13 May, 2017 - 01:48

Speaking to parent groups is always a pleasure. I truly believe that although there are many fears of technology (especially social media), the access we have to one another is a powerful opportunity to bring parents into our classrooms.  Instead of asking, “What did you learn today?”, with the standard response of “nothing”, parents are now saying, “I saw what you posted on your blog at school today…tell me more about that.” A totally different question that helps parents dig deeper into learning with their children, and reinforce what is happening in schools.

I have also talked about “Digital Parent Volunteers” (an idea from Tracey Kracht), which is an opportunity for parents to comment on student blogs when they can’t physically volunteer in classrooms.  The best way to help a community to understand the power of social media to create positive opportunities is to have them directly involved in the use of it.

Last night, when I was speaking with a parent group in Sudbury, Ontario, talking about the role of social media in the classroom, I started off with the the following thought:

There are two things that I want you to know moving forward with tonight’s presentation and I am hoping that you agree.  We are focused on keeping your children safe while ensuring they have every opportunity in the world to become successful.  Are these the two hopes for your children in their experience of school?

Everyone agreed immediately.

Although it seems simple, it is the first time that I had started a parent presentation that way, which set the tone throughout.  It not only helped frame the presentation for the parents, but it also helped me lead with this end in mind.  What parent would not want those two things?

This will hopefully squash the argument of “well this was what I did in school and I have turned out totally fine.”  People know that there are more opportunities in our world today and that some of the opportunities that have existed before are disappearing.  My parents wanted the same thing for me as I do for my daughter; every opportunity for her to be successful and happy.

Keeping kids safe while ensuring doors continue to open for them is a simple thought, while a large responsibility.  Pretending things don’t exist and closing our minds to possibilities for our children is ensuring that our fears drown out their aspirations.  We teach our children to cross the road safely, knowing that there is danger in the task, yet opportunity on the other side.  We want them to get safely to that other side. A simple metaphor that may help us move forward together as school communities.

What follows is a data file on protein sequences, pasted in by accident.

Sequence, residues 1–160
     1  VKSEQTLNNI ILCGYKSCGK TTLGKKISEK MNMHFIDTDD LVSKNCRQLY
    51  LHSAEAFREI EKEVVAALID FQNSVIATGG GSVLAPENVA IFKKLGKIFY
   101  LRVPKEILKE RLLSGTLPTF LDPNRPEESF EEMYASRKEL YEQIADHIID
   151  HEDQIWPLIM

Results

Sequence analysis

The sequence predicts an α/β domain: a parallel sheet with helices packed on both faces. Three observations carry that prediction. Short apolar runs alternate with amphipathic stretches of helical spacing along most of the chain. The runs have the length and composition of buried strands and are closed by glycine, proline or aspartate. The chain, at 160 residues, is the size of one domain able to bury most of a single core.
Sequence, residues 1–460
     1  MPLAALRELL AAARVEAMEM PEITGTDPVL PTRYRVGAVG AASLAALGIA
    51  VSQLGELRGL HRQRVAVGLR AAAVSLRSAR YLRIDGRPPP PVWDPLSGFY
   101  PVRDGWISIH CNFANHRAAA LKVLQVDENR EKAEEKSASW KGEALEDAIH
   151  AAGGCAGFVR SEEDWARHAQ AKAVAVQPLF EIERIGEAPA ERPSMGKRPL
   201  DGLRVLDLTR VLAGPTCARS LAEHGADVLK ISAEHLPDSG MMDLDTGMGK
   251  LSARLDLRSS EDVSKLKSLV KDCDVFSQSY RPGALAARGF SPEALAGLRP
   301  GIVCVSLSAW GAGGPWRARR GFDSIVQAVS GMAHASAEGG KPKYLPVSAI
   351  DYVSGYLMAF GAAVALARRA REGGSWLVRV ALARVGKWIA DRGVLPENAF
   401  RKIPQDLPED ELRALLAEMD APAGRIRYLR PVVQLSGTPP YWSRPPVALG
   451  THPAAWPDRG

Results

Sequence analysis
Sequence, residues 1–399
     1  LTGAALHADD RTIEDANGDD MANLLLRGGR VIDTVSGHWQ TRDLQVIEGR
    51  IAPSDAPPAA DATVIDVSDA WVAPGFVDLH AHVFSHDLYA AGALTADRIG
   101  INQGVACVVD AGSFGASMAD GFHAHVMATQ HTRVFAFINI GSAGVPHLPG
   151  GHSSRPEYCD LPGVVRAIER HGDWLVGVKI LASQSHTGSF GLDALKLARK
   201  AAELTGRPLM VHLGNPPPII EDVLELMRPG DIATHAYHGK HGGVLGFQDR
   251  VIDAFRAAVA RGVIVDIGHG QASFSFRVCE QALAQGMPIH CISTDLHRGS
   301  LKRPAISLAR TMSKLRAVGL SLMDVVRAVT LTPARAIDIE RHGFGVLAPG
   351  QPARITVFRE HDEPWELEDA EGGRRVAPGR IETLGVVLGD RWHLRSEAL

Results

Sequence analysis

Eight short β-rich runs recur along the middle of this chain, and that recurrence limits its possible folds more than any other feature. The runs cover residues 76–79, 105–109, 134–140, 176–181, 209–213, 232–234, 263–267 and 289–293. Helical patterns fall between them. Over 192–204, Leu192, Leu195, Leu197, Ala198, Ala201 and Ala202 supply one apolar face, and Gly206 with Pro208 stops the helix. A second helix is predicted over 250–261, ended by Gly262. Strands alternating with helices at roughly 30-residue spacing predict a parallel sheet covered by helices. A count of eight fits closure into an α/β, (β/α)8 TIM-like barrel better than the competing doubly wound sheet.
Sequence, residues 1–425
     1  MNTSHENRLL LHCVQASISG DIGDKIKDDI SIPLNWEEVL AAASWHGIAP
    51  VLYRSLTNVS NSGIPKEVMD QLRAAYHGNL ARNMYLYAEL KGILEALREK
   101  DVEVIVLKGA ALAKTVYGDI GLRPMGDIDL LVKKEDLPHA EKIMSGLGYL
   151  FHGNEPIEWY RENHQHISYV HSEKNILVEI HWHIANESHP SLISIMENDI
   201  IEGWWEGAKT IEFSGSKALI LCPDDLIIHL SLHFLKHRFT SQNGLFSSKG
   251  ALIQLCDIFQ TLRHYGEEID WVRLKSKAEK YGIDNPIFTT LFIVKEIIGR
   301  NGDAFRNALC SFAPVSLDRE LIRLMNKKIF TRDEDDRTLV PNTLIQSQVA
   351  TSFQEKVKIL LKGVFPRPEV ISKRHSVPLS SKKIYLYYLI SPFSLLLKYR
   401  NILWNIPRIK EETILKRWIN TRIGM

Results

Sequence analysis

Categories: Planet

Two Simple Questions To Ask at the End of a Professional Learning Day

11 May, 2017 - 07:51

I have shared parts of this story before, but it has been stuck in my head for awhile and I wanted to create a solution to a problem…

After a group of students introduced me to speak at an event, they started walking out the door of the auditorium, when I basically started begging them to stay and listen to what I had to share.  They didn’t seem too excited about the prospect, so I promised them that if it sucked, I would take them all out for lunch at the Dairy Queen a block away. They stayed, excited about the idea of a free lunch, but luckily, I never had to pay up.  They were blown away by what I shared and had hoped that this would start making its way into classrooms.

While I sat with them over lunch, one student said this to me:

If teachers are doing this on these days that we are not here, why are they not getting any better?

I have not been able to stop thinking about this in terms of education since.  The student had a wonderful point.  This is time and money invested, so what is the return on investment and how is it benefitting students?  If the professional learning days and times are not directly benefitting students, is this ultimately a waste of resources?  It also makes me think about how much time we talk in circles about ideas, yet do not necessarily move forward with them.  Action creates change, not discussing action.

As I thought about it, here are two questions I think that educators should think about at the end of any conference, professional learning day, or even Twitter chat:

How beneficial would it be that after a professional learning day at a school, that educators would talk about what they learned and how it would help them become a better educator with the students? This does not only put an onus on every educator to own their own learning, but for the person(s) delivering, designing, or leading the professional learning day to have accountability to the students we ultimately serve as well.

This should go beyond “I am going to use this new app”, as that is surface level learning.  It might not be something that you will do right away, but something that is at least pushing your thinking. Yet, simply having that conversation with the students helps to create an accountability to them.  Isn’t that who we ultimately serve in the first place?

Categories: Planet